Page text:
Wednesday, November 2, 2011

Conferences Matter

Okay. First off, I want to say that I have had an amazing two days at AuthorSpeak. I've learned with a wonderful group of colleagues, school leaders, and educational thinkers, researchers and authors. Conferences like this one definitely motivate me to keep learning, keep striving for a better way to learn with kids, and keep making a difference to my profession.

The conference began with Daniel Pink's keynote about what motivates people: Autonomy, Mastery, and Purpose. I think that this is what makes conferences useful to me. I have the autonomy to guide my professional development, the opportunity to work toward mastering the complexities of education, and the sense of purpose culled from the collegial sharing that goes on.

One of the most exciting things that I have done is to meet and talk with some of the people I follow on Twitter. I already knew about their passion for learning and for kids, but to share a few moments of collegiality and to take those asynchronous, digital relationships and make them concrete added a new dimension to my experience of my PLN. As Bill Ferriter mentioned, social media isn't about the technology, it is about the people.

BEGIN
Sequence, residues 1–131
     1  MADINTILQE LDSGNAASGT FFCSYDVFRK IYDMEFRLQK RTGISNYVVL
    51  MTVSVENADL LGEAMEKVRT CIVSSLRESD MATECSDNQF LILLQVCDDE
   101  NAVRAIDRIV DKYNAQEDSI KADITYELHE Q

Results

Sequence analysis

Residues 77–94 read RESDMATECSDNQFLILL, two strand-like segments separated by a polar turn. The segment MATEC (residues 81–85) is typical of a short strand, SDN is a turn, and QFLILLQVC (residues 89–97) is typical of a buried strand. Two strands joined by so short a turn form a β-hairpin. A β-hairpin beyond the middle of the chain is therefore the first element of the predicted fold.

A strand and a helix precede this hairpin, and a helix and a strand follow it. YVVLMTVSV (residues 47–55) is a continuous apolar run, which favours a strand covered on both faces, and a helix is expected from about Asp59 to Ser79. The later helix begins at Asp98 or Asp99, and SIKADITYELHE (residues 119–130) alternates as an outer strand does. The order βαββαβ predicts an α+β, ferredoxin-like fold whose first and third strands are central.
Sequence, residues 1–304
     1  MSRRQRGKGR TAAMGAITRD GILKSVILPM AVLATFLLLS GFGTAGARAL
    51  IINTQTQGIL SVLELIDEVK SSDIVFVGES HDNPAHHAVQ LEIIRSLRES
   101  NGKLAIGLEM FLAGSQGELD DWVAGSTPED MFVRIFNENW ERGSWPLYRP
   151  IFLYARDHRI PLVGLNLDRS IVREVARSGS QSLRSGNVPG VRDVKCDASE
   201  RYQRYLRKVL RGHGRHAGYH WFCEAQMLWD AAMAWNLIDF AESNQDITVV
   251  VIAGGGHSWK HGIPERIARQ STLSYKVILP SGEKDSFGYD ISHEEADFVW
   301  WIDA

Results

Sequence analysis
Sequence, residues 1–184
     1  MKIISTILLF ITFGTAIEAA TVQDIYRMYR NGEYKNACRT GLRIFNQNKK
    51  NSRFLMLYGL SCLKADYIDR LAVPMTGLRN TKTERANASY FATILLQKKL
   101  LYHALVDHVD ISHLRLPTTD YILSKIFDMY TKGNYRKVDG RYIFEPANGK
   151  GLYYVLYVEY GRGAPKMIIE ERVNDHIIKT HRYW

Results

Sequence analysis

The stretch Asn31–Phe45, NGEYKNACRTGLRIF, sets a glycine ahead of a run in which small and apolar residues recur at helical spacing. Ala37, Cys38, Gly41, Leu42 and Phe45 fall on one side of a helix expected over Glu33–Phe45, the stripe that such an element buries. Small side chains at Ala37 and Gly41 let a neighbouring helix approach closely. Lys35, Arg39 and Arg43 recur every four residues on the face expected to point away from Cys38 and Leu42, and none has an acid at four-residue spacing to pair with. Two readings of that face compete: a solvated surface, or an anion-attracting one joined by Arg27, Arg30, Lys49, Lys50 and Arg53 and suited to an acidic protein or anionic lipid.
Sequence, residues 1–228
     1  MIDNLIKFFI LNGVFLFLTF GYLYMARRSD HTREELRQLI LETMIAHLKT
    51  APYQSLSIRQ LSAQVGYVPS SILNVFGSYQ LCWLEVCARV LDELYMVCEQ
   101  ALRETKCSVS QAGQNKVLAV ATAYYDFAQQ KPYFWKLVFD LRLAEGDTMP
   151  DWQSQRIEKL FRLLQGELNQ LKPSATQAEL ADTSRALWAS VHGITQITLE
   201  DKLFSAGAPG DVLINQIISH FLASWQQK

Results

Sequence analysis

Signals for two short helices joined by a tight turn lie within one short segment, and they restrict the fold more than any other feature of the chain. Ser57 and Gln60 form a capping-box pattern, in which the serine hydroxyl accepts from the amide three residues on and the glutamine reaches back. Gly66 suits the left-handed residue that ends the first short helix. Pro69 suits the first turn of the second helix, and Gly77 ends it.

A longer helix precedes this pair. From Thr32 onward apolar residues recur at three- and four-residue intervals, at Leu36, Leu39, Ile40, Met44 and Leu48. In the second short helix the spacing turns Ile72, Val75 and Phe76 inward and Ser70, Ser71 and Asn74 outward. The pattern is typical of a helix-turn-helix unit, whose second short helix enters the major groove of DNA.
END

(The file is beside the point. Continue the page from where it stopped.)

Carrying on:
It was especially exciting to meet Angela Maiers. I first discovered her passion for learning though the following video:

The amazing thing is that immediately upon meeting her, I knew that she means what she says. We all matter, and we have the power to make a difference in the world. More importantly, that same power is what can drive our own lives. I can choose to embrace and create my own autonomy, mastery and purpose, and I can nurture that motivation in others.

Tom Whitby mentioned today that education is lacking the leaders who will change the conversation about learning from standardization and testing to authentic learning and discovery in the eyes of a public that doesn't see the complexity of the issue. To me, that is a challenge. Will I be herded, or will I drive my own career? Will I wait for a solution, or will I strive to make that solution? Will I accept that I matter and own the responsibility that comes with it, or will I fail to meet the challenge of making a difference in the world?

Sure, this could be the conference talking, but in this moment, I absolutely accept the challenge to matter. That is why conferences themselves matter. They are the intellectual playgrounds where I own the learning. They are the place where intellectual collisions lead to new ideas and projects. The task is to have the courage to bring those projects to life.

To all of the teachers I've had the joy of learning with over the last two days, thank you. You matter to me. I hope we can all keep pushing together to matter to our kids, our profession and our world.

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